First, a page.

Phones are simultaneously the most ubiquitous and the most underutilized advancement of the last hundred years. Almost every age-appropriate member of a first-world country owns one, but many people use their phones as mobile web/Instagram/Facebook/Twitter/Reddit browsers with messaging and an alarm clock.
Phones can do so much more than those three things that it’s almost criminal that so many people throw down $500, $1,000, or more on a brand new device, and do nothing with the power that couldn’t be achieved on a device a fraction of the cost of the cost, with no loss in user experience. It’s like buying a fully-loaded Tesla Model S and using it exclusively to heat bagels on the seat warmers. Yes, it’s fully capable of heating bagels, but there’s obviously a lot more that a car can do than just warming bread.
There’s also a lot more that a phone can do than messaging your friends, looking at worthless photos on Instagram, and waking you up for work. The iPhone 4, from way back in 2010, is as powerful as the Cray-2 supercomputer from the mid-1980s. However, while the Cray-2 was used for nuclear weapons, oceanographic, and energy research, 2019-era smartphones are being used as momentary distractions and alarm clocks. Hardly the best use of all of that computing power.
As an aside, can we start calling phones what they actually are? While they share some of the features of old school landline telephones (instant communication over long distances), there are a lot more differences than similarities between the two. “Smartphone” is a far more fitting name for the thing in your pocket right now; a communicator device with a thousand other uses, and enough computing power to complete any conceivable consumer-focused task quickly and efficiently. Calling this thing a “phone” throws away all of the amazing and fantastical things that we can do, right from our pockets, that were almost unimaginable less than twenty years ago.
Smartphones have big screens, which is great for looking at stuff with, but they also have powerful processors, fast internet connections, Bluetooth, GPS, and, most importantly, are designed to always be on and ready for action.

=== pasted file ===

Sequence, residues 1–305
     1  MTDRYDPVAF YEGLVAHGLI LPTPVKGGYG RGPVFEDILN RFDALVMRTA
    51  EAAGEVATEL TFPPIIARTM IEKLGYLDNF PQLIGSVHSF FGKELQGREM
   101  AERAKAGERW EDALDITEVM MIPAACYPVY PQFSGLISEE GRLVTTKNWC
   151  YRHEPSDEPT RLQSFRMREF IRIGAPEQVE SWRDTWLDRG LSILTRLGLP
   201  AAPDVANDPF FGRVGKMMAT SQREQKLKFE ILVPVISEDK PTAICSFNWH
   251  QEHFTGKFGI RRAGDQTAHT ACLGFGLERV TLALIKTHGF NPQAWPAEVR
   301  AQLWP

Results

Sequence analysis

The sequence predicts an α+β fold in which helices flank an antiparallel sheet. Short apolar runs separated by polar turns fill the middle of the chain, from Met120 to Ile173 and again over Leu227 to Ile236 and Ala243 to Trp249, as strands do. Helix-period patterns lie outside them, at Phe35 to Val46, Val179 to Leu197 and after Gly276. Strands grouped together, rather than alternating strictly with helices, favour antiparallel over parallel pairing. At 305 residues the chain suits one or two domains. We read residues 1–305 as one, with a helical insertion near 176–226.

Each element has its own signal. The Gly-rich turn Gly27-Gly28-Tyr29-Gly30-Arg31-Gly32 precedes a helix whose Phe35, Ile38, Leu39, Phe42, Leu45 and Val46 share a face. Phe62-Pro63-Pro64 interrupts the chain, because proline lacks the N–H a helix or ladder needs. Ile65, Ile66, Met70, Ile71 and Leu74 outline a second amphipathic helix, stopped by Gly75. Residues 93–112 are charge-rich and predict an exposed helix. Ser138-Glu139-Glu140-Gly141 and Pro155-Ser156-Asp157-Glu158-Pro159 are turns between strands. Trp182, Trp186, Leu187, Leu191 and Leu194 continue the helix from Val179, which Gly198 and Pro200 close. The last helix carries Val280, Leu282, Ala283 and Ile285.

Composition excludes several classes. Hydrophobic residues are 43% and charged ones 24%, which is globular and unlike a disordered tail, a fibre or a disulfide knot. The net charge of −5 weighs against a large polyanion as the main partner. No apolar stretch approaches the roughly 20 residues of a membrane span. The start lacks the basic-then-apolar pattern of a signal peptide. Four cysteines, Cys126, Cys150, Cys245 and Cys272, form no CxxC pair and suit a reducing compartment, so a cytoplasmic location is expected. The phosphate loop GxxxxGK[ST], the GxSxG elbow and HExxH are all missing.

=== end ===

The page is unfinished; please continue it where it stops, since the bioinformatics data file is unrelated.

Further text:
With all this gear on board, a smartphone can enrich your life if you know how to use it. Here’s what I use my iPhone for almost every day:
Time-, location-, and car-based reminders (both recurring and once-off)
Item tracking via bluetooth tags (wallet, keys, etc)
Maintaining Stoski social media
Producing Stoski content (audio, video, text, and image)
Monitoring Stoski analytics
Searching for real life items in my house on an excel database
Financial activities (stock market, etc)
Location-based notifications pushed to family members’ iPhones
E-books, podcasts, and general reading
This article was also written on my iPhone, laying in bed, basking in the light of a lava lamp. I barely looked at Reddit at all!
I’ll never understand the thought process of people who only use their smartphones for messaging and browsing internet stuff. Even by using simple reminders and calendar entries, life would be made so much easier! Throw some extra effort and know-how in, and you can fan-dangle yourself an excellent device that will add to your life in a multitude of ways.
Your device should work for you to make your life better and easier, not merely waste time looking at pictures online. Take some time to bum around settings and apps, and see what in your life can be made more efficient with a digital assistant. It’s like an internet screen that does other things! Wow!